About the Institute
“The Graduate Institute of Musicology possesses the following special traits: integration of the sub-disciplines of musicology, promotion of interdisciplinary scholarship, research orientations from East Asian perspectives with global implications.”
The current teaching faculty of GIM consists of seven full-time members specializing in different scholarly fields including Taiwanese, Chinese, East Asian, American, and European musical cultures, from historical, aesthetic, as well as physiological and psychological perspectives. The GIM faculty shares also a multi-cultural and multilingual backgrounds. In its year of inauguration in 1996, GIM had only two full-time members Ying-fen Wang and Ricardo Canzio, who were in 1998 joined by a music theorist Yuh-wen Wang. In 2000, Tung Shen, a Chinese music specialist from the Chinese Department joined the GIM and took up directorship at GIM. They constituted the main teaching force until Prof. Canzio’s retirement in 2006, when three more new members, Jen-Yen Chen, Chen-Jia Tsai, and Chien-Chang Yang joined GIM, and then further rejoined by Fumitaka Yamauchi from Tokyo University in 2009. In sum, the current GIM faculty covers not only different musical cultures in the world, but also employs integrated approaches that can cross the disciplinary boundaries. In addition, the faculty is enhanced by adjunct faculty responsible for GE courses in world music and for practical courses such as Soundscape, guqin, nanguan, and musics of India, Indonesia, and Myanmar.
“The GIM’s graduates have demonstrated an outstanding level of accomplishment, and have become in general the most influential force of research in Taiwan’s musicological community. ”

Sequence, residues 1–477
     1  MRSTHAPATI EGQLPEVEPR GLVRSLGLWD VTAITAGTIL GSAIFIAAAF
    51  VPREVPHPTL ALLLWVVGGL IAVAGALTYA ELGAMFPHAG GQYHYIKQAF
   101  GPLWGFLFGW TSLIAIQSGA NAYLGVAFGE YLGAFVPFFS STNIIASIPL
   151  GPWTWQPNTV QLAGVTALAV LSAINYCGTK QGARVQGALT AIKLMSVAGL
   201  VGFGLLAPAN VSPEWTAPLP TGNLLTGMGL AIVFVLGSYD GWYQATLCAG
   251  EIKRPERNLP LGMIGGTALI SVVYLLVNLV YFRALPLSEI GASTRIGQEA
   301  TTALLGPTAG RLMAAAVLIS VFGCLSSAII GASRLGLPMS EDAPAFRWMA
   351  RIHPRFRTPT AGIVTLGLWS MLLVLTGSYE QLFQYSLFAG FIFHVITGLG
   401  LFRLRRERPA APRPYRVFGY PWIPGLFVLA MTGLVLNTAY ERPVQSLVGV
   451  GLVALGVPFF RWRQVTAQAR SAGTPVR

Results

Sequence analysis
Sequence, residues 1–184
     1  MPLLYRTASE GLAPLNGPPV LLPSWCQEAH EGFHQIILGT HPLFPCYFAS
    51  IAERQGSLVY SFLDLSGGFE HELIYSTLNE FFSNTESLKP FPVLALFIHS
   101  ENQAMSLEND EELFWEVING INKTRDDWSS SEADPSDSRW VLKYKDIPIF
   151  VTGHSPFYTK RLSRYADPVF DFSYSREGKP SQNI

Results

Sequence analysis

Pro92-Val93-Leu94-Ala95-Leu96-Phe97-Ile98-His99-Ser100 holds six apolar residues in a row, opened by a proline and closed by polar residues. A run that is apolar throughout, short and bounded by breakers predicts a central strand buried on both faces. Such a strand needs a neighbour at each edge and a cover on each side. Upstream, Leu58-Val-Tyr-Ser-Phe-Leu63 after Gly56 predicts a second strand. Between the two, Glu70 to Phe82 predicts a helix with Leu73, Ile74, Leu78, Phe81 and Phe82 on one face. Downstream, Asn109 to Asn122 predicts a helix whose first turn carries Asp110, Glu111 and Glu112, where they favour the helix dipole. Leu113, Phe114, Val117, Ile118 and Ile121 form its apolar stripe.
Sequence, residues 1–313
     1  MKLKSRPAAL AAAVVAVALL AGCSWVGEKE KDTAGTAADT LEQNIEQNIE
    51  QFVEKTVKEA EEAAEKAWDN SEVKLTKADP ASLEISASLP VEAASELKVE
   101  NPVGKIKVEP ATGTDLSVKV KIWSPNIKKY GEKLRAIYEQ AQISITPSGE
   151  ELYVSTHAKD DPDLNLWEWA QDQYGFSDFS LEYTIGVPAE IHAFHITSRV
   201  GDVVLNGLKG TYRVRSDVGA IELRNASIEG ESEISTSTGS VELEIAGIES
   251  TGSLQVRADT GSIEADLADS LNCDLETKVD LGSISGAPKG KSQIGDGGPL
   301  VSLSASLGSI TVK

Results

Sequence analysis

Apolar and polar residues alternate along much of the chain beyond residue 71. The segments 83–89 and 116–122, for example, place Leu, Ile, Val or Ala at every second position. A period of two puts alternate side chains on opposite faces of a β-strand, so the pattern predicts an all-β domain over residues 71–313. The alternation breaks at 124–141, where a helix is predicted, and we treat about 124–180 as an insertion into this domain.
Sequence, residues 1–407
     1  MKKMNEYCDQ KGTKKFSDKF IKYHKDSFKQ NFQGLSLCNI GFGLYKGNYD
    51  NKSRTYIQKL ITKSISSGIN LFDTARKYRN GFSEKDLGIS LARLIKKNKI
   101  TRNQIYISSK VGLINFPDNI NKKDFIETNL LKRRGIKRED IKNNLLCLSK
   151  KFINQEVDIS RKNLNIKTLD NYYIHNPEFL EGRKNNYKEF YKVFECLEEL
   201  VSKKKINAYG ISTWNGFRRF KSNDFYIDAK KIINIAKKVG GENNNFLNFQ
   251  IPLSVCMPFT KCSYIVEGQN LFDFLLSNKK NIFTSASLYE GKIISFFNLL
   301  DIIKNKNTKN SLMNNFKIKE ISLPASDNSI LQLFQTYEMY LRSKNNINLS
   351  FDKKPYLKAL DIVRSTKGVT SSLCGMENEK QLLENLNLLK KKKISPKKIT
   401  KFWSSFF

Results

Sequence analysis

GIM’s MA program has since 1996 attracted students from diverse backgrounds: Roughly 50.67% of GIM students have a BA in music and the others come from different fields of undergraduate majors. Students at GIM have been enjoying abundant support for their intellectual development and have received funding for independent research projects conducted both at home and abroad, served as research assistants to the institute’s faculty members, presented papers at domestic and international conferences, and participated in international exchange programs. Through years of efforts, the GIM has inaugurated its PhD program in 2015 and since then has acquired several students, including international students from Thailand, Hong Kong, Korea, and China. The MA program has currently 36 (PhD:6; MA:30) registered students including international registered students from the US and China.
From ten years before, the GIM sets up its research foci on :
- Music and modernity
- Music and the body
- Sound and soundscape studies
Later on, along with the Institute’s project on the digitalization of Taiwan Daily News (2010–2014) and with the addition of a specialist on the recordings industry from 2009 and the boost of East Asian historical studies, East Asian music and historical recordings became the major research foci for several faculty members. The recent international collaborations show that the GIM has turned its focus into an examination on the global meaning of musical and sound practices and their technology, which can be seen under the general question on the global implications of musical modernity and the reflection on musical technology. In particular, two large projects led respectively by professors Ying-fen Wang and Tung Shen are expected to develop into large-scale international projects that should shed light on sound cultures in Asia since the 20th century.